tragedy living dead
i hope i never start living for the weekend
only to see it turn into a monday morning
i hope i never compete with my neighbors
to buy things i cannot really afford
i hope if i ever get married
i won’t refer to my spouse as a ball and chain
i hope my life never revolves around
so-called entertainment like monday night football
because i don’t want to be that family

i hope i never start living for the weekend
and calling in sick so i don’t have to go to work
i hope i don’t ever assume that others think just like me
and get caught up in my own idealism
i hope watching the dog chase the neighbors cat
doesn’t become the highlight of my day
i hope my evenings don’t revolve around tittie bars
and hot wings to keep me out of the house
because i don’t want to be that guy

i hope i never start living for the weekend
and forget how to relax
i hope i don’t get stuck in a job i hate
and do nothing about the situation but complain
i hope if things don’t work out
i can handle the situation
i hope i don’t end up like all those people
who let their lives pass them by
because i don’t want to live for the weekend

— Derek del Barrio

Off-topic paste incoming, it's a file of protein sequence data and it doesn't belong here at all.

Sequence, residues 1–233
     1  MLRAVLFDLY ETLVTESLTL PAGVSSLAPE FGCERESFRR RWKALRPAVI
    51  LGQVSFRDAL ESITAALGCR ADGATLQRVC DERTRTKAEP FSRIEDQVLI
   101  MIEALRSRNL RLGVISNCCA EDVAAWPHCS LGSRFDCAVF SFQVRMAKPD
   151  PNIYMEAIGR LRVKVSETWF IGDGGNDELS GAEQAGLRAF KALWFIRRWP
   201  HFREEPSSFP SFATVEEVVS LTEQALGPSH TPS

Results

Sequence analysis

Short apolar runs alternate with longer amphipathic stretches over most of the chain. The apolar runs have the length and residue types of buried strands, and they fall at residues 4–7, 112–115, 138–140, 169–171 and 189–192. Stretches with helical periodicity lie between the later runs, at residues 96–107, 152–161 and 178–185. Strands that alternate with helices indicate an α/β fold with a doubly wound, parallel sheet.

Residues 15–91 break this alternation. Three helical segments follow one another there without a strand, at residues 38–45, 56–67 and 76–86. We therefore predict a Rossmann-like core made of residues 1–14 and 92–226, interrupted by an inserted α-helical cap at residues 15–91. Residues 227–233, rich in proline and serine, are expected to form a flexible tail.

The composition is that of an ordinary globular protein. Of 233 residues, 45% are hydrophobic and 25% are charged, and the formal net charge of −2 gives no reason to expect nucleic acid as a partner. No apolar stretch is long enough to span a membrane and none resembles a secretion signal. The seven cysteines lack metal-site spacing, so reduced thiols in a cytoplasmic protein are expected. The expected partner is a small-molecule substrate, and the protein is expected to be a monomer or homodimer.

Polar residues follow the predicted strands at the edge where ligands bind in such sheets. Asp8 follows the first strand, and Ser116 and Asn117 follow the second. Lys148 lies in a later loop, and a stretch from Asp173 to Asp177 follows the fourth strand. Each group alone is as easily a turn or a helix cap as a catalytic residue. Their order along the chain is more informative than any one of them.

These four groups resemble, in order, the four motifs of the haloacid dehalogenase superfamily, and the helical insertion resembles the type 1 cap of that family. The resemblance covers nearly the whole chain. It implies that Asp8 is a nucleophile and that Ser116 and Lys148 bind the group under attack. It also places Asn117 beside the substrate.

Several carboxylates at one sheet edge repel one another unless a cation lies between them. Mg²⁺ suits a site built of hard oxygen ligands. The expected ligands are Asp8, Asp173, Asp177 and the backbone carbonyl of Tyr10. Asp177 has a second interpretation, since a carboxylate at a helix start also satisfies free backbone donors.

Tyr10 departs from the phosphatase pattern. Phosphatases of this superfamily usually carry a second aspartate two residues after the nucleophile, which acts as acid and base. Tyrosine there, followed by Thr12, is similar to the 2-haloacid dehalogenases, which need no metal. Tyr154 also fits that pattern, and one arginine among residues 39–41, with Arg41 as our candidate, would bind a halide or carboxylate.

derek.delbarrio@gmail.com

 

“If”, by Rudyard Kipling

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(‘Brother Square-Toes’—Rewards and Fairies)

If you can keep your head when all about you

    Are losing theirs and blaming it on you,

If you can trust yourself when all men doubt you,

    But make allowance for their doubting too;

If you can wait and not be tired by waiting,

    Or being lied about, don’t deal in lies,

Or being hated, don’t give way to hating,

    And yet don’t look too good, nor talk too wise:

If you can dream—and not make dreams your master;

    If you can think—and not make thoughts your aim;

If you can meet with Triumph and Disaster

    And treat those two impostors just the same;

If you can bear to hear the truth you’ve spoken

    Twisted by knaves to make a trap for fools,

Or watch the things you gave your life to, broken,

    And stoop and build ’em up with worn-out tools:

If you can make one heap of all your winnings

    And risk it on one turn of pitch-and-toss,

And lose, and start again at your beginnings

    And never breathe a word about your loss;

If you can force your heart and nerve and sinew

    To serve your turn long after they are gone,

And so hold on when there is nothing in you

    Except the Will which says to them: ‘Hold on!’

If you can talk with crowds and keep your virtue,

    Or walk with Kings—nor lose the common touch,

If neither foes nor loving friends can hurt you,

    If all men count with you, but none too much;

If you can fill the unforgiving minute

    With sixty seconds’ worth of distance run,

Yours is the Earth and everything that’s in it,

    And—which is more—you’ll be a Man, my son!

 

The Cold Within

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Six humans trapped by happenstance
In bleak and bitter cold.
Each one possessed a stick of wood
Or so the story’s told.

Their dying fire in need of logs